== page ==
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President Donald Trump has reached a major milestone in his presidency: His 100th day in office.
And although Trump’s presidential victories since after he took the oath of office on Jan. 20 have been thin on the ground as he confronts major headwinds in implementing many of the pro-growth initiatives that helped him to win the Nov. 8 election against Democratic rival Hillary Clinton, the market has been resilient.
Trump has described the first 100 days as an arbitrary gauge of a president’s early performance, but it is still a milestone that many pay attention to:
No matter how much I accomplish during the ridiculous standard of the first 100 days, & it has been a lot (including S.C.), media will kill!
— Donald J. Trump (@realDonaldTrump) April 21, 2017
So far, over the century mark (stock performance data are through Friday’s close), the Dow Jones Industrial Average DJIA, -0.19% has climbed 6.12%, while the S&P 500 index SPX, -0.19% has notched a 5.32% gain since Trump’s inauguration. (Since his election win, the Dow has climbed 14.22%, the S&P 500 has advanced 11.43%, and the Nasdaq Composite Index COMP, -0.02% has returned 16.45%.).
The relatively positive returns in equities, however, belie intensifying doubts about Trump’s ability to overhaul taxes, loosen Wall Street regulations and boost infrastructure spending quickly, if at all. Those factors have represented a trio of fiscal-stimulus pledges that catapulted the market to a fresh string of records over the past six months. But Trump’s difficulties in getting a health-care bill to replace Obamacare to a vote have raised doubts about the real estate tycoon’s negotiating skills.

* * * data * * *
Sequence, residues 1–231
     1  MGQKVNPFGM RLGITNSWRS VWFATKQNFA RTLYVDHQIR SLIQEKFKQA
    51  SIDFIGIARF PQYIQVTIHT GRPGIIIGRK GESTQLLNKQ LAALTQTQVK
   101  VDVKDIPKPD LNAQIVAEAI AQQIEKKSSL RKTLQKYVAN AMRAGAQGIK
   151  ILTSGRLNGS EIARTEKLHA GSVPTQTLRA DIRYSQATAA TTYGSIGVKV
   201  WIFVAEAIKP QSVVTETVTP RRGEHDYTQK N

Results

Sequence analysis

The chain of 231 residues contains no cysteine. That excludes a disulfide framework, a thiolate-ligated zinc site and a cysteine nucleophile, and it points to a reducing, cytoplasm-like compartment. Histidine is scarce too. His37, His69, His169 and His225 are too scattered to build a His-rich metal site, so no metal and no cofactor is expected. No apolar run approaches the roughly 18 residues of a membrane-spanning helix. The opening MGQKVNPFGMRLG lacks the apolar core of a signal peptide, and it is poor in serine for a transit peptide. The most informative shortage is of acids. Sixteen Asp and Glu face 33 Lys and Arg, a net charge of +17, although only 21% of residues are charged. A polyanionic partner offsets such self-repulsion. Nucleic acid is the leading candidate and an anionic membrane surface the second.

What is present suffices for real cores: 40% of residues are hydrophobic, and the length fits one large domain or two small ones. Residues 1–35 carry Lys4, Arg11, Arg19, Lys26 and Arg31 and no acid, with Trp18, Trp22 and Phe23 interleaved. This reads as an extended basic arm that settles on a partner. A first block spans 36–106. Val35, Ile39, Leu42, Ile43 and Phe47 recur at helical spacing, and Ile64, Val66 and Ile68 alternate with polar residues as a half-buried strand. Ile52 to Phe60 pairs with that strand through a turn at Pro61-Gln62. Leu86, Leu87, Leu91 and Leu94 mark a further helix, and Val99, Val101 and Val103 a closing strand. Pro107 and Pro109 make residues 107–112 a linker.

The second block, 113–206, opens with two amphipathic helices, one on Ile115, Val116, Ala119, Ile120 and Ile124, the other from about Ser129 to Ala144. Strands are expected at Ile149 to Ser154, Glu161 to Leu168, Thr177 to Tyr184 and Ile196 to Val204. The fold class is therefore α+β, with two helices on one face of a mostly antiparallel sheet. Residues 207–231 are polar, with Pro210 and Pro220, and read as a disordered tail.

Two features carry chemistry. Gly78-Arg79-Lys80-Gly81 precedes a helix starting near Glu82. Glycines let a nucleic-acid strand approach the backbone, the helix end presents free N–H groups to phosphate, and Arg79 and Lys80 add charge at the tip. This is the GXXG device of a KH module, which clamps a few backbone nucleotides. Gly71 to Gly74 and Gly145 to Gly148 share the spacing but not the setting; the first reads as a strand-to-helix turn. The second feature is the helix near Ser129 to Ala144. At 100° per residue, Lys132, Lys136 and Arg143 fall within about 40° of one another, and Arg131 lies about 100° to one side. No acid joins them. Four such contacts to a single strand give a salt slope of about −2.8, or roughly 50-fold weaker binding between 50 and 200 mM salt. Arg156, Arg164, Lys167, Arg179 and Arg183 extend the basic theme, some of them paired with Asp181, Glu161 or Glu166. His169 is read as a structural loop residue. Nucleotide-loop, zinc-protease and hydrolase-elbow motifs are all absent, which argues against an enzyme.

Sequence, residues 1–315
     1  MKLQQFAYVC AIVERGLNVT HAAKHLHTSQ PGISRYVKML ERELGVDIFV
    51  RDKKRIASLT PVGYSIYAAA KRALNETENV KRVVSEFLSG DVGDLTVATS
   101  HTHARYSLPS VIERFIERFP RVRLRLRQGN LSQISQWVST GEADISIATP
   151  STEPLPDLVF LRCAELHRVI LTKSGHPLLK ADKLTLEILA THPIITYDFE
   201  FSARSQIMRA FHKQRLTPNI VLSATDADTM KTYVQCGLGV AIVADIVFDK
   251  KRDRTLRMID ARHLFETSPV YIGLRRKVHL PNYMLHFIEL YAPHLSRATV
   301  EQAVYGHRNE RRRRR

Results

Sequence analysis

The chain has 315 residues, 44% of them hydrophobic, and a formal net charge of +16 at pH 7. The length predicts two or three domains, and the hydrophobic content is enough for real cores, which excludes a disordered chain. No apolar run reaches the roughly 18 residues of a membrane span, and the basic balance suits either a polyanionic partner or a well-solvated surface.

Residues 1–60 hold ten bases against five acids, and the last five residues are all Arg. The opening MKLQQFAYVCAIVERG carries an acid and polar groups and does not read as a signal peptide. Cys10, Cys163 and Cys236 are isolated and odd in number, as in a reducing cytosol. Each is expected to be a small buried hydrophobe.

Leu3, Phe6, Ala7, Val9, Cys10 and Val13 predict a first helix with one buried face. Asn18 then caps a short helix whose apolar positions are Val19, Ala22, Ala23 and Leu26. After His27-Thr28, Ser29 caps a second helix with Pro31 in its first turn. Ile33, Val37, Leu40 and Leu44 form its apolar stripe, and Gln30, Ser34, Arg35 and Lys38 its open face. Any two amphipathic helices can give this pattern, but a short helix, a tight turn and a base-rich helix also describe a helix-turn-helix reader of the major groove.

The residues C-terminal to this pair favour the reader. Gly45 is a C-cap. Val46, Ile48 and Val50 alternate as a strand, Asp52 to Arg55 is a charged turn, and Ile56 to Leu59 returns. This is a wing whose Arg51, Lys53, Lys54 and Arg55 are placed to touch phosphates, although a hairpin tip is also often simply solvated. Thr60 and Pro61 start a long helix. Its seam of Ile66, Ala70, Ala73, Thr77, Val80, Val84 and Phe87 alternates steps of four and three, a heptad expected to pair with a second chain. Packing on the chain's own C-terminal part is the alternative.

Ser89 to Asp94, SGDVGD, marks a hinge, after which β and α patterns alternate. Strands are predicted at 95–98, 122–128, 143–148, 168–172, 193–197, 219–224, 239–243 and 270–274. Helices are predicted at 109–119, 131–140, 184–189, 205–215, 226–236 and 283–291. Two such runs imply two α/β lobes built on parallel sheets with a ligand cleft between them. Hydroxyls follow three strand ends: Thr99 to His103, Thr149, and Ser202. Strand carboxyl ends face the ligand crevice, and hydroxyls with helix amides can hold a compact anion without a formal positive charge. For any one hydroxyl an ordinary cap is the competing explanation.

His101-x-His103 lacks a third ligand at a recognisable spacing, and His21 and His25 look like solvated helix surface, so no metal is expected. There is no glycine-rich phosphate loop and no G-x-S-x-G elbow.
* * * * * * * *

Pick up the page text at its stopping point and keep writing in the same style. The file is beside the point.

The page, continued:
The White House’s strained relationship with Russia in the wake of the U.S.’s missile strike on Syria and mounting tensions with North Korea also threaten to disrupt the market’s otherwise bullish buzz.
So far, the S&P 500’s performance since the inauguration places Trump second for a GOP leader, behind George H.W. Bush’s second term, according to Dow Jones data.
Overall, that would put him fifth for S&P 500 performance over his first 100 days (see table below, which tracks the first 100 days of all presidential terms since Herbert Hoover’s—the index was created in 1923 and expanded in 1926 and 1957, when it first comprised 500 stocks).
Meanwhile, the Dow’s return puts Trump seventh among all presidential terms, in the 120-year history of the blue-chip gauge (see table below):
To be sure, market participants have been jittery over the market’s lofty valuations and growing risk factors. Many are wagering that U.S. equities are due for a correction—that is, a decline from a recent peak of at least 10%—in the coming days and weeks. However, that hasn’t quite panned out, highlighted by the Nasdaq Composite Index COMP, -0.02% closing at a milestone of 6,000 for the first time ever on Tuesday.